Veterans for Peace forming Charlottesville chapter

Veterans For Peace, an international organization dedicated to helping veterans heal and abolishing warfare established in 1985, is proud to announce that Central Virginia will soon be home to a new chapter, in a renewed effort by local veterans in the Charlottesville-Albemarle area to organize veterans.

According to Iraq war veteran and college-student Evan Knappenberger of Charlottesville, the timing for a new chapter of Veterans For Peace couldn’t be better.  “It’s never too early (or to late) to proclaim the good news of peace.  I am honored to participate in the historic formation of such an august group as Veterans For Peace,” he said.

Veterans For Peace has over one hundred active US. chapters, and several international chapters, including in the United Kingdom and in Hue, Vietnam.  Veterans For Peace is a non-profit organization with a long history of peace work and social justice action around the world.  Currently, there are several thousand veteran members active in the US, including more than a dozen unaffiliated veteran members in Central Virginia.  There are also several thousand associate (non-veteran ally) members in the US.  The formation of a chapter centered in Charlottesville  comes as the group becomes poised to grow in depth and in membership.  “We’re really going to try to engage every veteran in the world, to tell them that they are not alone, and that the dream of world peace is still possible,” says Knappenberger.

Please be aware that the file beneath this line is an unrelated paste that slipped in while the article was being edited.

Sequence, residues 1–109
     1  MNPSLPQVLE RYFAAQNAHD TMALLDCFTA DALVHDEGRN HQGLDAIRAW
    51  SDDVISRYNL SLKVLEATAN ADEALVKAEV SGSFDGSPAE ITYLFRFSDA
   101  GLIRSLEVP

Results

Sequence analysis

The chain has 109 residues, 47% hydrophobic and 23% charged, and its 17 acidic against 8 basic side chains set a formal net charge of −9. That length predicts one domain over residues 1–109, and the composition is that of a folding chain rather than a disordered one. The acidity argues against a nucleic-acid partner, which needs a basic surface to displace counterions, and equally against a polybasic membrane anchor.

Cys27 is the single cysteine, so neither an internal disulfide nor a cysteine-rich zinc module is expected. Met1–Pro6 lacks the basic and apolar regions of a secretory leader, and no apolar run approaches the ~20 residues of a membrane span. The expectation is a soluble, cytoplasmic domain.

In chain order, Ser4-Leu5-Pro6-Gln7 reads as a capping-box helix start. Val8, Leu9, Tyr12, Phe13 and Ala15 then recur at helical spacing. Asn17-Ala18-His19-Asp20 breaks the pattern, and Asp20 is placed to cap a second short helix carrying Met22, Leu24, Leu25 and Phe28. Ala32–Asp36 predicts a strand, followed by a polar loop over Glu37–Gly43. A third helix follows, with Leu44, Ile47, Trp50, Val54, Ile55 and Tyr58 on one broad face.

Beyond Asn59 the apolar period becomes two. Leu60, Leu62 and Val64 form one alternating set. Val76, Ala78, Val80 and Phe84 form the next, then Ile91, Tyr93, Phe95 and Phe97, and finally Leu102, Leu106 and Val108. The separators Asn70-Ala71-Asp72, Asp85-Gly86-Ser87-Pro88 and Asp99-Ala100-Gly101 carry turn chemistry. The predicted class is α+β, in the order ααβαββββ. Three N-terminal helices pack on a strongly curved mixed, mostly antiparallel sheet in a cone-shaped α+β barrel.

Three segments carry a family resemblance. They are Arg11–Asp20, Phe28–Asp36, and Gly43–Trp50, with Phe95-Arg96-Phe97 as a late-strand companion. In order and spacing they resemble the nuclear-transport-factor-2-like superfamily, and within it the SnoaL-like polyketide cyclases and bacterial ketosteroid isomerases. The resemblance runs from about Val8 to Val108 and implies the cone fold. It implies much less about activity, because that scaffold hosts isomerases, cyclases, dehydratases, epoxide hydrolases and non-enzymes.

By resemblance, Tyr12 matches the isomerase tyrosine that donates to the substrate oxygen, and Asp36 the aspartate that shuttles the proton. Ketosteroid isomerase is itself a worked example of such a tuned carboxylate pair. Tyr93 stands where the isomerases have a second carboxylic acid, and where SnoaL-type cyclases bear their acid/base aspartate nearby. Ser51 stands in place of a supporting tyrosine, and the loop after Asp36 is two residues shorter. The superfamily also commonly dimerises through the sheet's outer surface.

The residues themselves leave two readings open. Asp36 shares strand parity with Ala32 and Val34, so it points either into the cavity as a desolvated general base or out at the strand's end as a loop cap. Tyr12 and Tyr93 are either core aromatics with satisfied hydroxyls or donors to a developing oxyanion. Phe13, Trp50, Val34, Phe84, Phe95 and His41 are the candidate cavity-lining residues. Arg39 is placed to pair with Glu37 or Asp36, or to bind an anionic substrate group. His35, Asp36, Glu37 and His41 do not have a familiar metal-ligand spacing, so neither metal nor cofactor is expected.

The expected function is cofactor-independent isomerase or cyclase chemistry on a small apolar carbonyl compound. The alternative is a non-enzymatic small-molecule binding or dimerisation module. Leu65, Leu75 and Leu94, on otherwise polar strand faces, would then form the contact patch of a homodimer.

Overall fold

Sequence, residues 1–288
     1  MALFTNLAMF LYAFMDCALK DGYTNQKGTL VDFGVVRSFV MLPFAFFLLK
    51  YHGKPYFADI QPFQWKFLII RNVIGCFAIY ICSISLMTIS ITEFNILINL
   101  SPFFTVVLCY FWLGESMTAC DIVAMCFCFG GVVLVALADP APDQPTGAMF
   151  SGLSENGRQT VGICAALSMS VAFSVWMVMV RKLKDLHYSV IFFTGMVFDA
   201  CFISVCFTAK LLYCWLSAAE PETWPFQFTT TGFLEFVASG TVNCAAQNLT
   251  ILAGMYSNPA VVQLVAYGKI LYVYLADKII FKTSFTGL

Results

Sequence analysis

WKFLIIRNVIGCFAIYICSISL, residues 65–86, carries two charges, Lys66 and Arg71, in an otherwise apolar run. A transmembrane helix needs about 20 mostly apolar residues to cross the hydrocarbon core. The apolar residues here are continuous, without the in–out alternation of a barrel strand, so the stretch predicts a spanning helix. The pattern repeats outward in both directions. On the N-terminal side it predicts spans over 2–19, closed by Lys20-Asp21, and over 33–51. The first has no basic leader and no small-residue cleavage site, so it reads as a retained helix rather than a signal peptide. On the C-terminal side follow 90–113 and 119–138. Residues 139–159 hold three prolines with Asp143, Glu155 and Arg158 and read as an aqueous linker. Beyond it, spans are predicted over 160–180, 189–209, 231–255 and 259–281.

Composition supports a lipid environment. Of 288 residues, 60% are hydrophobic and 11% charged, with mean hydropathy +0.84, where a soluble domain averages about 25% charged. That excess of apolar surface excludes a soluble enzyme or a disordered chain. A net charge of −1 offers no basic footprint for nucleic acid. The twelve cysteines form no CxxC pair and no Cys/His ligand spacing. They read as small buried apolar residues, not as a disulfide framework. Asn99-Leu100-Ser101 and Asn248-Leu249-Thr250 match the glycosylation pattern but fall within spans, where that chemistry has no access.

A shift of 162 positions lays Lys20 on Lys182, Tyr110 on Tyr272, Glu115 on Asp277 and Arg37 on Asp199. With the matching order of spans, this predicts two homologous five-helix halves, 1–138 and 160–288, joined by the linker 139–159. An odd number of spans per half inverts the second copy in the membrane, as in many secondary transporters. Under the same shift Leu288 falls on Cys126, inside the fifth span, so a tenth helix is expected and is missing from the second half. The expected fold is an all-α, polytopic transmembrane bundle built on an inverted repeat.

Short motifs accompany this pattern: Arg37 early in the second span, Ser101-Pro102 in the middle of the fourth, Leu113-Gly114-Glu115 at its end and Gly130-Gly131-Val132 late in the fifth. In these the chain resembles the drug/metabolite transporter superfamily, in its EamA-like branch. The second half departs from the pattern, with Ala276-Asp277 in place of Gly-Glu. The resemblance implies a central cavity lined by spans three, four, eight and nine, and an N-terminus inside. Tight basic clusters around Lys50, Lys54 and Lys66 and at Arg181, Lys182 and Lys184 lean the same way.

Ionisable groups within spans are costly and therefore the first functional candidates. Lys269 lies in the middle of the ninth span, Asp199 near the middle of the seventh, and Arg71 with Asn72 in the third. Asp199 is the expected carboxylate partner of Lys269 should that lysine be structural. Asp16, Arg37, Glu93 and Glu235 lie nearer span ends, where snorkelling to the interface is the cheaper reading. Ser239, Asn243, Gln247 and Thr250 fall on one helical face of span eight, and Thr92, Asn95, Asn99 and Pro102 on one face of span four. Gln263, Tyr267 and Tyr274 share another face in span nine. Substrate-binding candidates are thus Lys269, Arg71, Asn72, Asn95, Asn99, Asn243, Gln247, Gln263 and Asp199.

Local author and associate member David Swanson plans to participate as well.  “I’m really excited about this.  This is an excellent project” Swanson says.  The group says it is open to non-veterans interested in doing veterans’ advocacy and peace work, but will be directed and organized by veterans themselves.

“The philosophy of Veterans For Peace organizing in Central Virginia is twofold,” according to Knappenberger.  “Our first aim is to help veterans with physical, intellectual, emotional and spiritual support.  This includes service work with disabled and homeless veterans.  Simultaneously, we will be working to spread the message of global peace.  We see that the two approaches complement each other, because they empower the veteran and give him or her  the only purpose worthy of a warrior: to overcome war and achieve peace.”

The group plans on holding a weekly breakfast meeting at the Blue Moon Diner on West Main Street, on Fridays from 8-10 am.  All veterans and non-veterans are invited.


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